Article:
LIHUE — While some federal programs are screeching to a halt as a result of the ongoing government shutdown, life on Kauai is pretty much business as usual.
On the federal level, agencies impacted are the departments of Agriculture, Homeland Security, Housing and Urban Development, Interior, Justice, Transportation and Treasury.
Representatives from the state departments of agriculture and health both said nothing has changed with their Kauai services due to the shutdown — offices are open and services are ongoing.
“The WIC (Women, Infants and Children) program, as a federal program, in particular is also operating as usual. It’s important for residents and clients of the WIC program to know that their benefits are not affected by the shut-own,” said Anna Koethe, spokeswoman for DOH.
Kilauea Point National Wildlife Refuge is closed due to the government shutdown. On the refuge’s website, a notice advises:
“Where public access to refuge lands does not require the presence of a federal employee or contractor, activities on refuge lands will be allowed to continue on the same terms as before the appropriations lapse. Any entry onto Refuge System property during this period of federal government shutdown is at the visitor’s sole risk.”
At the county level, it’s business as usual until further notice from the U.S. Department of Housing and Urban Development, but a county spokesman did say HUD has a contingency plan for a shutdown that targets specific programs.
Local public housing agencies, for example, aren’t government entities and won’t shut down, but capacities of those agencies might be impacted because of a lag in federal funding. Tenants who use HUD for rental assistance could be affected — HUD says any funding action that requires HUD staff will not be processed during the shutdown and HUD won’t process requests for tenant protection vouchers for public housing or multifamily units during the shutdown.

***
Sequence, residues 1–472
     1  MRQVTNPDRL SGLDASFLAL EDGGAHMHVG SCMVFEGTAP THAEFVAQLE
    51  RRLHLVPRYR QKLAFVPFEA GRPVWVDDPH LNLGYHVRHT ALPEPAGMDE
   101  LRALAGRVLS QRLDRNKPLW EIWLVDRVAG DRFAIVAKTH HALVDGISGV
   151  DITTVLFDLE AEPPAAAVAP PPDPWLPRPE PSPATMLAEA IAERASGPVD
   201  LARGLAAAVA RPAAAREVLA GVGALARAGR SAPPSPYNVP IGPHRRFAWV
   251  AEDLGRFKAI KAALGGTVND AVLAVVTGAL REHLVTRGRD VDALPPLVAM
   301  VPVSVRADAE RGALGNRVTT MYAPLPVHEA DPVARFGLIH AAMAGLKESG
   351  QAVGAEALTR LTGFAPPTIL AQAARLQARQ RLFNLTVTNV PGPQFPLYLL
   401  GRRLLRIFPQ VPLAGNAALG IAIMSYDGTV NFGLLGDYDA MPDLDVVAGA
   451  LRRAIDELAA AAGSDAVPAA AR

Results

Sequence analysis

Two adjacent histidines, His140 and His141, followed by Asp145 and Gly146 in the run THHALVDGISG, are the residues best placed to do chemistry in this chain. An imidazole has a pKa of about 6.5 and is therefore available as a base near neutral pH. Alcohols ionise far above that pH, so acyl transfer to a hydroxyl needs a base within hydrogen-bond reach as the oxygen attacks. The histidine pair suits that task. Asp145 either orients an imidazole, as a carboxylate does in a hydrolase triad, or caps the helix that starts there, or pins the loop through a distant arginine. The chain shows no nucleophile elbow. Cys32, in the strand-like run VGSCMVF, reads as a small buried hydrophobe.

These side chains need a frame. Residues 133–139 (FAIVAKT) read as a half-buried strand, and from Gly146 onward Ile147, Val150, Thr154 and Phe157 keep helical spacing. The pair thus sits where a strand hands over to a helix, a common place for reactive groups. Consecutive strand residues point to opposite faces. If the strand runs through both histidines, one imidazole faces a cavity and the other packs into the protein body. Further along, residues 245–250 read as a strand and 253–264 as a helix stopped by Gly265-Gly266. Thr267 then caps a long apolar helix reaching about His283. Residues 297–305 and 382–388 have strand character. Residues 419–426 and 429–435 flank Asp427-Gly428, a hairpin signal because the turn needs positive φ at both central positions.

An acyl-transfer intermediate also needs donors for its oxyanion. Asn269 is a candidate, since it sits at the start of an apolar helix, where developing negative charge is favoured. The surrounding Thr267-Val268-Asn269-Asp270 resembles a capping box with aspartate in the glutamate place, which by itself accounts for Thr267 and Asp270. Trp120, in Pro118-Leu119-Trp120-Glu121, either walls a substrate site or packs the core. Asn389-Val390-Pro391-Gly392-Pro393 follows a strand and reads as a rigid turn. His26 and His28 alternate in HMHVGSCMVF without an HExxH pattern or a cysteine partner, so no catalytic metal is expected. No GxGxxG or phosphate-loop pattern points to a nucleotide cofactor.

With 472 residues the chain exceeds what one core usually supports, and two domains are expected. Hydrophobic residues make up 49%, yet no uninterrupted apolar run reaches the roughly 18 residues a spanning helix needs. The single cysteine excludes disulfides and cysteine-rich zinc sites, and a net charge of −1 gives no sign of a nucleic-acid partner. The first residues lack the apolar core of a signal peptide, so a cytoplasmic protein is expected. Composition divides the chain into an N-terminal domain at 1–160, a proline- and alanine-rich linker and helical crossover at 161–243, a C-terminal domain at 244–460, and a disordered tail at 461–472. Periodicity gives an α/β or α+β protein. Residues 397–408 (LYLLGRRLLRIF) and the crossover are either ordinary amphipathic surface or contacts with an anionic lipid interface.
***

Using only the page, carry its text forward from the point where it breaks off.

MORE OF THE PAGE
“At this time, we do not see immediate impacts to our programs. However, should the shutdown continue, we could see delay in payments and contract processing which could impact deliverables,” said Kanani Fu, county housing director.
A spokesman from the state Department of Land and Natural Resources said Thursday the shutdown hasn’t triggered any impacts on Kauai in state parks.
Tim Sakahara, spokesman for the state Department of Transportation, pointed out there’s “less of an impact from the shutdown on a state level.” He said roadwork and DOT projects on Kauai aren’t affected.
“The federal funding has already been obligated for this fiscal year, so there shouldn’t be a direct impact,” Sakahara said. “If it goes into next fiscal year, there could be impacts.”
The longest-running government shutdown was the 1995-96 shutdown that lasted 21 days.
Workers and security personnel are still showing up to the airport, too.
“They’re essential workers so they’re still working,” Sakahara said. “Overall, there’s no impact because of the shutdown right now, we’re continuing as normal.”
Jessica Else, staff writer, can be reached at 245-0452 or firstname.lastname@example.org.